The LTTE reaction to the abrogation of the CFA came on the very day that the abrogation took effect. This was the terrorist attack on a fully laden bus at the Buttala deep in the "Sinhala south" of the country. Buses had been attacked by concealed roadside bombs before but what happened here was that the bombed bus was ambushed by armed LTTE cadres who shot as many of the survivors before fleeing. This accounted for the high carnage of this attack. Later autopsies on the dead revealed that they had died from LTTE bullets and not from the effect of he explosion. The LTTE terrorists responsible for this attack also killed six farmers working their fields, and there were other attacks which claimed more lives even involving soldiers. Later that day several villagers in remote region adjoining the Vanni were also killed in a classic example of ethnic cleansing.
The Buttala attack was not unusual given the modus operandi of the LTTE. But it ranks with the worst of the atrocities perpetrated either before or during the CFA. It signals in fact the return to the old terrorist strategy of the LTTE. For a while during the CFA and LTTE had concentrated on attacking military targets and movement of GOSL soldiers. Even the bombing raids of the LTTE were confined to military and strategic targets. But before the CFA the principal tactic could be called "civilian terrorism". This is the bombing of "soft" targets like buses, trains, shopping centres, and places where people gather in large numbers like political rallies. It would appear that the LTTE response to the formal abrogation of the CFA us a return to civilian terrorism.
The Buttala attack also punctured the myth that the East had been liberated. Buttala is in the Uva province. If even in this province the LTTE can act with impunity what credence can be placed that the East has been truly liberated?
The LTTE may also try to regain its position as the leading militant Tamil organization. It is well known that the support for the LTTE amongst Tamils had declined over the last few years during which the CFA was in force. While we cannot assign a causal connection between these two it is nonetheless a fact. There was a break-up in its military wing with rival Tamil militias (like the TVMP) being set up. Many non-militant Tamil groups like the TULF of Sangaree and the UTHR came into prominence. The question now is whether there will be a return to the LTTE by these groups now that the CFA is dead. The Tamil Diaspora too which became divided may again unite behind the LTTE. But these developments are not certain are remain to be seen.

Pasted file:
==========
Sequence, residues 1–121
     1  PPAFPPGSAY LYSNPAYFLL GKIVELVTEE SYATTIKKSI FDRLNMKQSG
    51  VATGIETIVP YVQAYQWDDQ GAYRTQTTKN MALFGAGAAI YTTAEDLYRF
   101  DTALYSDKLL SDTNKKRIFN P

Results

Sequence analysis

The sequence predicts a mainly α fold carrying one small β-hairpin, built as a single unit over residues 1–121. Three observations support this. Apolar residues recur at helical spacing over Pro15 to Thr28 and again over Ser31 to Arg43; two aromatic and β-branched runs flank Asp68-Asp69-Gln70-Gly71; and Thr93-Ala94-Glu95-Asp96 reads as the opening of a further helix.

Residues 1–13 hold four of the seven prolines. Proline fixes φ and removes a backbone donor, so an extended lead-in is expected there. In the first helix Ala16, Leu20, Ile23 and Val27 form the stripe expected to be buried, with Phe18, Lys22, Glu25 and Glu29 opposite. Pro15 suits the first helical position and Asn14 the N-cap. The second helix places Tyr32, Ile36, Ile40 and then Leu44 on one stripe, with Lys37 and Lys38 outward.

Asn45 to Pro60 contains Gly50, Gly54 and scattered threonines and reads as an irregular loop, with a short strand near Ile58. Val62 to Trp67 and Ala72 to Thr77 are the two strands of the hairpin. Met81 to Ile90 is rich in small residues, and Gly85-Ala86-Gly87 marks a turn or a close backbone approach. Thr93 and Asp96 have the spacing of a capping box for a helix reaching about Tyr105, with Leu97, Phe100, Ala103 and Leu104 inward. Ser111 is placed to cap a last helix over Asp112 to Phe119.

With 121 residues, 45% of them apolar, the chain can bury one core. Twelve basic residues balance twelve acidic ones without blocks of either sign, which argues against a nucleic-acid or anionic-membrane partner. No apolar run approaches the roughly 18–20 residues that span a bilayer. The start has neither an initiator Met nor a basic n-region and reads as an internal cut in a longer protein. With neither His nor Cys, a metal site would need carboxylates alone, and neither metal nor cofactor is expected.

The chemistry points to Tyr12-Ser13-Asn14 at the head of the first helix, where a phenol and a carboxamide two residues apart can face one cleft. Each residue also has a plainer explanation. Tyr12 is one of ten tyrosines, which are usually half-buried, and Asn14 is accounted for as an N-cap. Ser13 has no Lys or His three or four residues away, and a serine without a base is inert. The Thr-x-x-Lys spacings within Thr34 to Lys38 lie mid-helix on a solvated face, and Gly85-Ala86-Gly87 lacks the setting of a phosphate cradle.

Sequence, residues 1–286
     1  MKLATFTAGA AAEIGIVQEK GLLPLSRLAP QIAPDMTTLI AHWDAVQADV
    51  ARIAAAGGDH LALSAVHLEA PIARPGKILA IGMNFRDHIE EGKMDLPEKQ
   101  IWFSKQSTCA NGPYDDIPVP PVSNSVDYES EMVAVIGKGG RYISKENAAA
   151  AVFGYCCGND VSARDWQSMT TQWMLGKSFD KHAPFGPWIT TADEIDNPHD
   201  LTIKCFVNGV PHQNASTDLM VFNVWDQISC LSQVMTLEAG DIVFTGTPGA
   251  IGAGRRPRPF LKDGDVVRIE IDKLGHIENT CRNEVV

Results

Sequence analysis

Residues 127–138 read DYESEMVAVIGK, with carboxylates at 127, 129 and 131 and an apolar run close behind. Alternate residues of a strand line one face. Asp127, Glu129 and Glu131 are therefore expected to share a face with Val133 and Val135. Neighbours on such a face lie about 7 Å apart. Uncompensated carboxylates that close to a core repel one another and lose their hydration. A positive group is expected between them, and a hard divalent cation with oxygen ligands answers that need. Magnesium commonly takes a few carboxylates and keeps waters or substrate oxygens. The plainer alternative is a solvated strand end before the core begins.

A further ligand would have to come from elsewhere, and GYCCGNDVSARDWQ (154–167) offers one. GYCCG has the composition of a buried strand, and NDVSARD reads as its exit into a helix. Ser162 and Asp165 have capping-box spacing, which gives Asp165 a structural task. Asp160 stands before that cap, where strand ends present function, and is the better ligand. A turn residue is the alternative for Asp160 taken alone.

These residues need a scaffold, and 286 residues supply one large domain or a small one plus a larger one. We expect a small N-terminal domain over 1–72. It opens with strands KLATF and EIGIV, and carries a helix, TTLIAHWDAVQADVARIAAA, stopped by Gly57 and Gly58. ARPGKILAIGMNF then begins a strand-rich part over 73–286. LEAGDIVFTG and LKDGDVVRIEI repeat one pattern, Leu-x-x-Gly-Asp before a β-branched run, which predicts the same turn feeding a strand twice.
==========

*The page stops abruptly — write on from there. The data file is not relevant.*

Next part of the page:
GOSL Response and Miscalculations
GOSL does not seem to have developed any coherent strategy to deal with the predictable consequences of the revocation of the CFA. It is still going on with the rhetoric of the Rajapaksa brothers that the LTTE will be annihilated in the Wanni. While daily reports of the numbers of LTTE cadres killed, and boats sunk, are being made there is no clear evidence of a gain like the capture of Thoppigala or the killing of Tamilselvan. The 'patriot lobby' is eagerly awaiting such a victory, and the tension amongst them is becoming unbearable.
The failure to respond to the Buttala killings on the day the CFA was disbanded shows that GOSL has no way of dealing with civilian terrorism. In this regard the population is put at the mercy of the terrorists. The political leaders of GOSL travel in well protected convoys, inconveniencing the ordinary public, but the ordinary public is left to fend for themselves. They have only the promise of the eventual elimination of the LTTE to feast one. And what happens after this elimination is not even hinted at.